|Publication number||US5445900 A|
|Application number||US 08/107,868|
|Publication date||Aug 29, 1995|
|Filing date||Aug 18, 1993|
|Priority date||Aug 18, 1993|
|Publication number||08107868, 107868, US 5445900 A, US 5445900A, US-A-5445900, US5445900 A, US5445900A|
|Inventors||Kenneth Miller, Jr., William J. Duffy, Jr.|
|Original Assignee||Invisible Fence Company, Inc.|
|Export Citation||BiBTeX, EndNote, RefMan|
|Patent Citations (28), Referenced by (44), Classifications (7), Legal Events (12)|
|External Links: USPTO, USPTO Assignment, Espacenet|
The present invention generally relates to an electronic device having a removable battery pack assembly and, more specifically, to a battery pack for supplying power to an electronic receiver having a receptacle for the battery pack.
Electronic pet containment systems have been in common use to control the movement of animals relative to a predefined area. In general, these pet containment systems monitor the position of the animal relative to the predefined area and function to provide a stimulus to the animal in order to control the movement of the animal. For example, if it is determined that the animal has moved outside a designated area, an electronic receiver carried by the animal detects a transmitted signal and applies a stimulus, such as a harmless shock or desired noise, to the animal, indicating to the animal that it has moved outside the allowed area. Within a short period of time, the animal responds to the applied stimulus and becomes trained to remain within the allowed area.
The electronic receivers carried by the animals are typically powered by batteries. The batteries contained in the electronic receivers have a limited life and, accordingly, must be replaced on a regular basis. Typically, the receiver must be partially disassembled in order to remove and discard the old batteries. During battery replacement, care must be taken, however, to ensure that the proper batteries are installed since incompatible batteries might destroy or adversely affect the electronics in the receiver. In addition, the battery or batteries must be installed in the correct orientation to ensure proper polarity.
In accordance with the present invention, a battery pack assembly is provided for insertion into a receptacle of an electronic receiver. The use of the battery pack, in accordance with the present invention, solves the problems associated with battery replacement in electronic receivers of the type used in electronic pet containment systems.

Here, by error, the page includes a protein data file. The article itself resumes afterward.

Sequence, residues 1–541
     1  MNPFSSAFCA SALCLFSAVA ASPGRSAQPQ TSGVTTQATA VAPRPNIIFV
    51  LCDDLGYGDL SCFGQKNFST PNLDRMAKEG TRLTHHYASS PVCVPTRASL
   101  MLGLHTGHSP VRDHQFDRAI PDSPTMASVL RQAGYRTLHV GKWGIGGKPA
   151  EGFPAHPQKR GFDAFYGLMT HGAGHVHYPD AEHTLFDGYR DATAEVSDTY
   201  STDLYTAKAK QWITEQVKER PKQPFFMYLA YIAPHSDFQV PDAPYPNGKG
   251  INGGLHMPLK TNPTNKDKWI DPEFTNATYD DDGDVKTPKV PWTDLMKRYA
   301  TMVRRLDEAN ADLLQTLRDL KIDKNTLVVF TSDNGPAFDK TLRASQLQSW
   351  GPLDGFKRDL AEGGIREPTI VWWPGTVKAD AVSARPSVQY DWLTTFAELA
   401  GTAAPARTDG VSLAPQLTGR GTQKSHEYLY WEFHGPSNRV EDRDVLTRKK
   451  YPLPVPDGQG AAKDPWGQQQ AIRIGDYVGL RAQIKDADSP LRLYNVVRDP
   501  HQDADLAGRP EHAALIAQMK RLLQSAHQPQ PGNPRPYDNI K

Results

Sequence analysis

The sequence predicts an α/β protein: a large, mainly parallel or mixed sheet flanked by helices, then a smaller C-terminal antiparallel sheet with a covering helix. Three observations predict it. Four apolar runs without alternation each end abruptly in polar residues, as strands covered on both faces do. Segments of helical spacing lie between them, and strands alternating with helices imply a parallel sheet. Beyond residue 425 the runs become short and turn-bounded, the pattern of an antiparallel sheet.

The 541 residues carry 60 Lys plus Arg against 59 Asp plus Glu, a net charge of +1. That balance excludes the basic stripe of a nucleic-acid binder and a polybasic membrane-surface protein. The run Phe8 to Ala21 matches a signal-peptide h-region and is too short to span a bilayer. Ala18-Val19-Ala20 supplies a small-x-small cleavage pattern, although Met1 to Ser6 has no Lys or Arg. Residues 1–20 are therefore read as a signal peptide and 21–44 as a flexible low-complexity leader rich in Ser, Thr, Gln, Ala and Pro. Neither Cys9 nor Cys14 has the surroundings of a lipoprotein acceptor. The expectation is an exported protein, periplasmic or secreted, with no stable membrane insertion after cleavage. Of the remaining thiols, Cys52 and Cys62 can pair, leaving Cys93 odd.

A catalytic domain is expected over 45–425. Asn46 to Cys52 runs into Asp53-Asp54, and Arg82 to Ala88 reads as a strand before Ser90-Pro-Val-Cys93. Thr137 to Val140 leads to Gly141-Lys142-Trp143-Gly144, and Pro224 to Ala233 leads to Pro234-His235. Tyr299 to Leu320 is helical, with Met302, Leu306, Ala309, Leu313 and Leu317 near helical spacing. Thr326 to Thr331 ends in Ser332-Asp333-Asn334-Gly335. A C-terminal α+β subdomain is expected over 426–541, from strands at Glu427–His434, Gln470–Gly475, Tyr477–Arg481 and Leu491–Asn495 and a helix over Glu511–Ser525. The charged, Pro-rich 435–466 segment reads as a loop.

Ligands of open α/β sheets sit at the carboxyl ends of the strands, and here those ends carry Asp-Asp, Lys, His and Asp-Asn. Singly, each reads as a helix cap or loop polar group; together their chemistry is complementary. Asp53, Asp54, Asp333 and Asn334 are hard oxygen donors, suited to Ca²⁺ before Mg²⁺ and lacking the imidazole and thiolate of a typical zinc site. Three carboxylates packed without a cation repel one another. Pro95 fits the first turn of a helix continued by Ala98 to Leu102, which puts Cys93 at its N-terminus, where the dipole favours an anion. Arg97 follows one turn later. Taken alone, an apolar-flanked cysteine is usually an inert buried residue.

In accordance with the present invention, a battery pack assembly is provided for supplying power to an electronic receiver. The electronic receiver includes a housing having a receptacle for receiving a plug-in battery pack.
The battery pack includes a generally hollow holder for receiving and containing a battery having first and second terminals. The battery holder is generally cylindrical in shape having an opening at one end and a generally closed base at the other end. At least one internal longitudinal groove is provided on the inside of the battery holder extending generally from the base of the battery holder to the opening of the battery holder.
The battery pack also includes a contactor having a spring located within the battery holder and at least one contact extending externally of the battery holder. The spring may be in the form of an elongated flexion spring located inside the battery holder between the base of the battery holder and the battery for biasing the battery toward the opening of the battery holder. The flexion spring may be positioned within the battery holder so that the respective ends of the spring are in contact with the base of the battery holder and a resiliently bowed center portion is positioned for electrically contacting the first terminal of the battery when the battery is inserted into the battery holder. The electrical contact may be connected with one end of the spring for electrical connection with the first terminal of the battery. The contact is recessed within the longitudinal groove of the battery holder to provide clearance for the battery. The contact extends outside the opening of the battery holder for electrical connection with the electronic receiver.
At least one lug connector is positioned externally on the battery holder to enable the battery pack to be removably mounted within the receptacle of the electronic device. The lug connector may be positioned on the outside of the battery holder proximate the end opening of the battery holder. A retaining ring is mounted at the opening of the battery holder for retaining the battery inside the battery holder against the bias of the spring. The retaining ring includes a central aperture through which the second terminal of the battery is exposed at the opening of the battery holder for electrical connection with the electronic receiver. At least one contact passageway is provided along the outer periphery of the retaining ring to permit the contact of the contactor to pass therethrough.